Scientifically Modified Food for Thought

Or, I like My Speculative Fiction with a Side of Social Commentary, Please.

I made a reading list based on feedback from the teens I booktalked to!

Several of them mentioned their appreciation for science fiction. Some teens also indicated a strong interest in social justice. For a recommended reading list I created for my Teen Materials in a Digital Age class, I decided to blend the two and create a list of science fiction with heavy social commentary. I hope this list provides teens the opportunity to explore these imaginative worlds, think critically of the situations presented in the novels, and consider the possible parallels to their own lives. Speculative fiction presents readers with contemporary social issues in a controlled situation that is no less powerful than realistic fiction. A teen reader may be challenged through these books leading to an affirmation or alteration of their values and identity. My list is directed at older teens aged 14 and up.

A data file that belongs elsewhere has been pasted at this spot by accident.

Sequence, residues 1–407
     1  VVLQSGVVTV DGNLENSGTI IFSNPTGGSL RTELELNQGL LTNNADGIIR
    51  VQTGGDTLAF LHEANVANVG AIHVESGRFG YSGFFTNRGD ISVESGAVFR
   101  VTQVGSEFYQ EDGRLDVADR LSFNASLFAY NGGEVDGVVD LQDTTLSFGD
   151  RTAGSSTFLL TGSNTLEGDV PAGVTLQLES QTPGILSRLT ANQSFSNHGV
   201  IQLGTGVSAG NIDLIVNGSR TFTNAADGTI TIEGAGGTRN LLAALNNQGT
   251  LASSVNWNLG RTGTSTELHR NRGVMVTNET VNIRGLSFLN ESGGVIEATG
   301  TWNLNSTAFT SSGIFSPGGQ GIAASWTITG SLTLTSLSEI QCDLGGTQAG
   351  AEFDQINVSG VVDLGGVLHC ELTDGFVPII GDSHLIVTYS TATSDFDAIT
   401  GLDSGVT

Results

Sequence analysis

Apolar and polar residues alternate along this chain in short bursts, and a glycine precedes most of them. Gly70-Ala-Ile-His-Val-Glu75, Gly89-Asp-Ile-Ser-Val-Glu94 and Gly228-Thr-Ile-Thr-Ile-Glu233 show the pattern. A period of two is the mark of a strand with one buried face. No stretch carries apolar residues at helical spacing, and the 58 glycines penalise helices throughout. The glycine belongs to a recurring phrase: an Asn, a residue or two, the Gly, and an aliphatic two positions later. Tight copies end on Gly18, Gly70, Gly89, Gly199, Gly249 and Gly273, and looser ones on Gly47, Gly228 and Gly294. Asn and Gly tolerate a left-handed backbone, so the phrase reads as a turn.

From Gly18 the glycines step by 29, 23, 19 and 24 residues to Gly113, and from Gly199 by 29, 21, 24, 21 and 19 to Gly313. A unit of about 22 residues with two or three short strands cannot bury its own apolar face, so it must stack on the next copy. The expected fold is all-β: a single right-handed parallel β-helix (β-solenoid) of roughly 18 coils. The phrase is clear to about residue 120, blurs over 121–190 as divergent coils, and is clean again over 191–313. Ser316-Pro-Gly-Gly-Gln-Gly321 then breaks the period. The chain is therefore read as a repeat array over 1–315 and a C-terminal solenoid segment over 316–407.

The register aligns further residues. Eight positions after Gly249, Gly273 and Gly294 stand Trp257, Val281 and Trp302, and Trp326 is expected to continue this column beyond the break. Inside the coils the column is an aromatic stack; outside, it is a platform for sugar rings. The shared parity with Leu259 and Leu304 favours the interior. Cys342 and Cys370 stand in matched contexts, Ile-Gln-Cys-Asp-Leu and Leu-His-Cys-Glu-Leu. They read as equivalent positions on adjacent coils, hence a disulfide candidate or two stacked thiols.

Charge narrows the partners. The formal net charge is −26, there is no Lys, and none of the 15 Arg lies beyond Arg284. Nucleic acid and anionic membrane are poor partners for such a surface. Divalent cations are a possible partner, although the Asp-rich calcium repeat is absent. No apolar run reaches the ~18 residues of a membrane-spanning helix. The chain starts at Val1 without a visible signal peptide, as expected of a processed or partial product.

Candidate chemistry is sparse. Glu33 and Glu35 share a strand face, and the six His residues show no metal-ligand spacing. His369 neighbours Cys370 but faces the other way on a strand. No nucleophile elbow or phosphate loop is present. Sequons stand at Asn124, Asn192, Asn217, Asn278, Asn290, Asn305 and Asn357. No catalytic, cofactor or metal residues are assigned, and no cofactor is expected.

Feed by M.T. Anderson, 2002

In a future where computer chips feed humans access to unlimited information and targeted advertising, a girl tries to challenge the system.

Diverse EnergiesDiverse Energies edited by Tobias S. Buckell and Joe Monti, 2012

This diverse anthology includes 11 stories of teens against governments, society, and sometimes each other, all by popular sci-fi authors.

Enders GameEnder’s Game by Orson Scott Card, 1985

Placed in a military training program at a young age, Ender shows tactical genius in alien war games that soon grow suspiciously realistic.

Summer PrinceThe Summer Prince by Alaya Dawn Johnson, 2013

June falls for the Summer King and plans her most socially provocative art installation yet in a technologically advanced Brazilian city.

ProxyProxy by Alexander London, 2013

This fast-paced, sci-fi update of “The Whipping Boy” puts Knox against those in power who forced him to become a proxy to pay off his debts.

Knife of Never Letter GoThe Knife of Never Letting Go by Patrick Ness, narrated by Nick Podehl, 2011

On a planet where animals and men can hear each other’s thoughts, Todd must flee to keep a dark secret. The audio won an Odyssey honor.

TankbornTankborn by Karen Sandler, 2011

Genetically engineered Kayla challenges the uncomfortable truths of her oppressive society in this page-turner about race and class.

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